Stories: "Are You Scared?"
About three years ago, I was in a relationship with a girl who was ultra-competitive. She wasn’t a jock, but she played a couple of sports in high school and remained active in her years after playing organized sports. She went to the gym every morning and when she couldn’t go to the gym, she often went running instead.
At the time, I was doing something I call a prison work out, which involved no weights and just basic push-ups, crunches and tricep presses off the furniture. I learned it from my late uncle, who taught it to me after he served time in prison.
To my girlfriend at the time, my efforts were cute, but after a while she wanted me to go running with her, insisting I couldn’t only do 200 push-ups and 200 sit-ups a day, I had to involve some cardio as well. But I wasn’t into running, and the one time she actually did get me to run, I was so exhausted, I almost broke up with her.
From that point point forward, we stuck to our respective routines, but a couple months after that first and only run with her, her suggestion and my refusal to cooperate with it, would come back to haunt me.
Memorial Day weekend, the two of us decided to go on vacation together and jetted off to one of those sunny resorts where the hotel is right on the beach. I didn’t want to do anything more than lay out, drink, and eat up all the resort’s food, but the resort had all these activities my girlfriend at the time wanted to wanted to do like parasailing and jet-skiing. Unfortunately for her, the guy she went on vacation with had a fear of heights and the ocean, especially the ocean.
It cannot be said enough how much I hate those vasts spaces of water and salt. Seaside, where I’m from, sits right on the Pacific, so there were a lot of beaches, but the climate isn’t beach-friendly; most days it’s around 60 degrees and if we get up in the 70s, we’re experiencing a heat wave. Where I come from, tourists have died from getting caught up in the undertow, thinking it’s all good to just be climbing on rocks. Where I come from, the Pacific Ocean is thugged out and has killed people.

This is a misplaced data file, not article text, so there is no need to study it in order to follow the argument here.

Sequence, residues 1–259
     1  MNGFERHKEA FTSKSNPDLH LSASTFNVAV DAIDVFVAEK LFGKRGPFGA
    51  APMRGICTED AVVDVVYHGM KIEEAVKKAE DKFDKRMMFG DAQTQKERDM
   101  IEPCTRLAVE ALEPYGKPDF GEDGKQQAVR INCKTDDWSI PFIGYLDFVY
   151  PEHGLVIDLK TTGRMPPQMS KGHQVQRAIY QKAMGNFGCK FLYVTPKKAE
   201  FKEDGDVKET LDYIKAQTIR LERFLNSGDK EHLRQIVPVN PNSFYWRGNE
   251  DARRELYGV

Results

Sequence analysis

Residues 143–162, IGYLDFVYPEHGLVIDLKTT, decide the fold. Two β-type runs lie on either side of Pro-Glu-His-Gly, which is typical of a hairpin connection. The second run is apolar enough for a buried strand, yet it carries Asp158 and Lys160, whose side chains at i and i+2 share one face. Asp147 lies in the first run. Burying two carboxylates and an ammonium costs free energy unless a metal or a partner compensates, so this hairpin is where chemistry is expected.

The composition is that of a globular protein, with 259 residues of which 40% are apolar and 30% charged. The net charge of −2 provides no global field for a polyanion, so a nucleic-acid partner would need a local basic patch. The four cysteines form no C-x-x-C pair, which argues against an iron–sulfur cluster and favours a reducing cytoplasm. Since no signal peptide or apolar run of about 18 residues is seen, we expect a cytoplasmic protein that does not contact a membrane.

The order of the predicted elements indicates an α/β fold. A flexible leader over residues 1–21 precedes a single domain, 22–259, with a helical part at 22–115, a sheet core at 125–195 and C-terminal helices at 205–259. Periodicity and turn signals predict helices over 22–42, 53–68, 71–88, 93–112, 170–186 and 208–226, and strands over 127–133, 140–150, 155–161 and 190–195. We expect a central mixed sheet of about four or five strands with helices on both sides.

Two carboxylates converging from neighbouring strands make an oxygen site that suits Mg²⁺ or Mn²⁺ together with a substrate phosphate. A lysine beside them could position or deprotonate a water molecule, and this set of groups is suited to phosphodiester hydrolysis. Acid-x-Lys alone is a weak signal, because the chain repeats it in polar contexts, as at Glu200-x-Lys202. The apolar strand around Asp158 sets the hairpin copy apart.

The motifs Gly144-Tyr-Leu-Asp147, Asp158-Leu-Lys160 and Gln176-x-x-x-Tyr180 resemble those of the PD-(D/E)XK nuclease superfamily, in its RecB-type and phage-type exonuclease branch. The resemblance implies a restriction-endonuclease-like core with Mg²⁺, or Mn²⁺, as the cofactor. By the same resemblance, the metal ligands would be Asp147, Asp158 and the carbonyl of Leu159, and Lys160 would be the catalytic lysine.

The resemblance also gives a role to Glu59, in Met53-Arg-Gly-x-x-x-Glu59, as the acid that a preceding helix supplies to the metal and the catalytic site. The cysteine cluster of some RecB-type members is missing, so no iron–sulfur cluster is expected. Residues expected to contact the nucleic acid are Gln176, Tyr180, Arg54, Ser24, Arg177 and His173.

So when my girlfriend at the time suggested we swim way out to a line of floating buoys, which were clearly marked for swimmers to not pass, I was more than hesistant.
“Ummm, we don’t need to go that far,” I said, as we were standing at the lip of the shore.
“Oh come on, it’s not that far,” she said.
Let me try to describe how far the point she wanted to swim to was. I have 20/20 vision, and I had to squint to see it.
“Are you trying to race,” I asked. “Is that what you’re trying to do?”
“Boy please, I’ll beat you,” she said without even looking at me, which was so disrespectful. “Come on, are you scared? You can’t swim?”
“I can swim,” I protested. It was true, I knew how to swim, I just didn’t know if I could swim that far.
“Then what’s the problem,” she asked. And with that she dove right into the water and started to swim out.
I didn’t have time to think, because I knew the minute I gave it a second thought, I’d turn right back around and sit on my beach chair. But my girlfriend at the time had been so patient with me up until this point, I thought, Why not? The least I could do for her was swim, especially if I expected to get any when we got back to the hotel room. So I dove in, as my girlfriend at the time was a good ten feet ahead of me.